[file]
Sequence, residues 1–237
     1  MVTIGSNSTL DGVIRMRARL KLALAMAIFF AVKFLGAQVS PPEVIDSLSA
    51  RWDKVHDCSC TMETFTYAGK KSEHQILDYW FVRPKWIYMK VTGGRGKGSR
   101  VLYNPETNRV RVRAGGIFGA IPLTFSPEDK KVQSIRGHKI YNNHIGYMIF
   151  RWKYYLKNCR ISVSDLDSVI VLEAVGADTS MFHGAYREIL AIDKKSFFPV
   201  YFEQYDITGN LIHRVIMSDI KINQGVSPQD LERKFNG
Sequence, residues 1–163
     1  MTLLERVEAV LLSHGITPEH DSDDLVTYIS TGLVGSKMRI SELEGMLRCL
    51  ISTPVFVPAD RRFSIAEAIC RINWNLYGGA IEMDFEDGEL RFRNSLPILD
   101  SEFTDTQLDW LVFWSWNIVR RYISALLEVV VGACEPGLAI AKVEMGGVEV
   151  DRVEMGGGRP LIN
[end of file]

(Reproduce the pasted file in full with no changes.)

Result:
Sequence, residues 1–237
     1  MVTIGSNSTL DGVIRMRARL KLALAMAIFF AVKFLGAQVS PPEVIDSLSA
    51  RWDKVHDCSC TMETFTYAGK KSEHQILDYW FVRPKWIYMK VTGGRGKGSR
   101  VLYNPETNRV RVRAGGIFGA IPLTFSPEDK KVQSIRGHKI YNNHIGYMIF
   151  RWKYYLKNCR ISVSDLDSVI VLEAVGADTS MFHGAYREIL AIDKKSFFPV
   201  YFEQYDITGN LIHRVIMSDI KINQGVSPQD LERKFNG
Sequence, residues 1–163
     1  MTLLERVEAV LLSHGITPEH DSDDLVTYIS TGLVGSKMRI SELEGMLRCL
    51  ISTPVFVPAD RRFSIAEAIC RINWNLYGGA IEMDFEDGEL RFRNSLPILD
   101  SEFTDTQLDW LVFWSWNIVR RYISALLEVV VGACEPGLAI AKVEMGGVEV
   151  DRVEMGGGRP LIN